What is Trichotillomania?
Trichotillomania is also known as “Hair Pulling Disorder.” Trichotillomania is considered to be an Obsessive Compulsive Disorder (OCD) Spectrum Disorder and one of a group of behaviors known as Body Focused Repetitive Behaviors (BFRBs). Trichotillomania is the repetitive pulling out of one’s own hair or other aberrant self-grooming behaviors in which individuals pull, pick, scrape, or bite their own hair, skin, or nails, resulting in damage to their own body. Common areas of focus are the scalp, eyebrows, eyelashes, nose, legs, arms, hands, and pubic region, and is usually confined to one or two sites. The DSM-5 diagnostic criteria include:
- Recurrent hair pulling resulting in hair loss.
- Repeated attempts to decrease or stop the behavior.
- Clinically significant distress or impairment in social, occupational, or other area of functioning.
- Not due to substance abuse or a medical condition (e.g., dermatological condition).
- Not better accounted for by another psychiatric disorder.
What causes Trichotillomania?
No singular cause of trichotillomania has been identified, but it is thought to be the result of both genetic and environmental factors. Symptoms of trichotillomania usually manifest around the age of 12 or 13, but can begin much earlier or later. Often, stressful events can trigger these symptoms, such as moving, changing schools, abuse, death of a loved one, or familial conflict.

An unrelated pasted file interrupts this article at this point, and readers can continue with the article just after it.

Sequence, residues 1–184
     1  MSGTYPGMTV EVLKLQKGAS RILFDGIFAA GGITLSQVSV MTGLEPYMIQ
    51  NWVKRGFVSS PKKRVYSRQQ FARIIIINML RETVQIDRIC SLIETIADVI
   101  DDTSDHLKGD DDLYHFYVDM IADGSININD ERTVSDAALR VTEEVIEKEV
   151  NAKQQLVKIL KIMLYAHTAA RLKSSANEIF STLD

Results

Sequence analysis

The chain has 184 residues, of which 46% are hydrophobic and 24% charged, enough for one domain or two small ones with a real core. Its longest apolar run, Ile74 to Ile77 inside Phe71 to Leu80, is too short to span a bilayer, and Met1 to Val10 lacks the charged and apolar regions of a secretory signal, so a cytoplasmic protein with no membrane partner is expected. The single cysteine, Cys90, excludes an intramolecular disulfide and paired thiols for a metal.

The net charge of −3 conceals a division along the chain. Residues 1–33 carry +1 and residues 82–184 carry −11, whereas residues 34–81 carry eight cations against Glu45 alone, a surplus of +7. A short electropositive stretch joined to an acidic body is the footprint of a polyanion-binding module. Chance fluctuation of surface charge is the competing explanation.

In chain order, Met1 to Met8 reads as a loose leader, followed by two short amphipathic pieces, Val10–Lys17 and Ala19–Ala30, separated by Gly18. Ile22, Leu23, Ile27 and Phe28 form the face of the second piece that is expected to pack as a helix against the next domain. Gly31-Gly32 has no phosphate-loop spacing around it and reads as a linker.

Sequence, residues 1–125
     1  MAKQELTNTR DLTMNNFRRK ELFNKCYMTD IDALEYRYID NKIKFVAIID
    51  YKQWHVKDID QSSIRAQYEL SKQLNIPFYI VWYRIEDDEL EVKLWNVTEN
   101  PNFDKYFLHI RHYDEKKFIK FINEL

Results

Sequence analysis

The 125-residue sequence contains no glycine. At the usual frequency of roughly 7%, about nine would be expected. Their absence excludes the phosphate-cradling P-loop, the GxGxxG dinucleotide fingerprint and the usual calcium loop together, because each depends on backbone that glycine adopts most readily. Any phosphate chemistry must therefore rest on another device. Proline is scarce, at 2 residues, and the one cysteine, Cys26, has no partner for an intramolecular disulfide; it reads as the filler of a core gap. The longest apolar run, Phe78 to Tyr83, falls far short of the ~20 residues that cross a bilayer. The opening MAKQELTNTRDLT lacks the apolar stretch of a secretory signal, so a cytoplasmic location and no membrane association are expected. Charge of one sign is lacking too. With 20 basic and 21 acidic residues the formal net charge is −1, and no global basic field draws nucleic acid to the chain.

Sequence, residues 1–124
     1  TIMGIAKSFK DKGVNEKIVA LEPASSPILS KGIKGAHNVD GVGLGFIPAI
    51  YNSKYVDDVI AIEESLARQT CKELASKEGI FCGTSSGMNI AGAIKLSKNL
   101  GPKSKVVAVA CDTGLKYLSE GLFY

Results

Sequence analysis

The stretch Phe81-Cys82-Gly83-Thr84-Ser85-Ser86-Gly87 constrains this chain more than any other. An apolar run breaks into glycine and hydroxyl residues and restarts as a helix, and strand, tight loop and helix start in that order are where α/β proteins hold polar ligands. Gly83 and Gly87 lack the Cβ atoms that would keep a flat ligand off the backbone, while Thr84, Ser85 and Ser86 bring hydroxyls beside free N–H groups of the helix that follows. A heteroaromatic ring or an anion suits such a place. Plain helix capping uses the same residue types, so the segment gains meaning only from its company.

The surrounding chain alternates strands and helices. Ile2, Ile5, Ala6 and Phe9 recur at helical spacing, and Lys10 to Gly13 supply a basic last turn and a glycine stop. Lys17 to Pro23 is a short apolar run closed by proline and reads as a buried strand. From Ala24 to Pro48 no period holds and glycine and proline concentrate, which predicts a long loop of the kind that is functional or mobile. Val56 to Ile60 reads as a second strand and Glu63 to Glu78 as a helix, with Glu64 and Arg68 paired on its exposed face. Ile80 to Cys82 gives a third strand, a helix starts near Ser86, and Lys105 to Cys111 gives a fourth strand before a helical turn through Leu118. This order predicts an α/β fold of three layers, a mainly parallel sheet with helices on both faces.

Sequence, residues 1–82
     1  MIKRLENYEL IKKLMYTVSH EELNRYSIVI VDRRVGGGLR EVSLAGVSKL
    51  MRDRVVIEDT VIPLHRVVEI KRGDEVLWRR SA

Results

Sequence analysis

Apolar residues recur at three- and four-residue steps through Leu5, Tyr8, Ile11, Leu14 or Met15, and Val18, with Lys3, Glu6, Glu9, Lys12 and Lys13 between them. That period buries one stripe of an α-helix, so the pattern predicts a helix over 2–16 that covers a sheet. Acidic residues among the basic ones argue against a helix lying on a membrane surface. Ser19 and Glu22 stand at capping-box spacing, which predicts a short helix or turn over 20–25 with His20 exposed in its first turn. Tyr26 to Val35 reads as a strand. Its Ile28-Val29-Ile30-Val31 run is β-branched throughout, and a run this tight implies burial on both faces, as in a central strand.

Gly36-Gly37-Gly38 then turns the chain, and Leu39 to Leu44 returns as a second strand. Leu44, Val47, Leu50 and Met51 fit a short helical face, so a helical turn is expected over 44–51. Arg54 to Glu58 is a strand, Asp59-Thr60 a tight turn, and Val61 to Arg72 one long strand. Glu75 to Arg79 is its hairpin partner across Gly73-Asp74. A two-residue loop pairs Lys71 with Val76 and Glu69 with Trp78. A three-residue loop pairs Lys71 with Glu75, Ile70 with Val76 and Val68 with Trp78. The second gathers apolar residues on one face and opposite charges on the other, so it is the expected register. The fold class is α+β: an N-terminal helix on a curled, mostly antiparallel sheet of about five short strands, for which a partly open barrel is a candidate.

How does PCH treat Trichotillomania?
PCH Treatment Center has experienced therapists with expertise in treating trichotillomania using cognitive therapies, group therapies, and individual coaching. Behavioral therapy has shown promising results in increasing awareness of hair pulling behavior, having structured methods of monitoring symptoms, substituting negative behaviors with positive behaviors, and reversing the habit of hair pulling. Medication can also be used to alleviate other symptoms that contribute to trichotillomania, such as anxiety, depression, or obsessive/compulsive thinking. Medication should be used in addition to therapy, as symptoms often return when the medication is stopped without therapeutic intervention.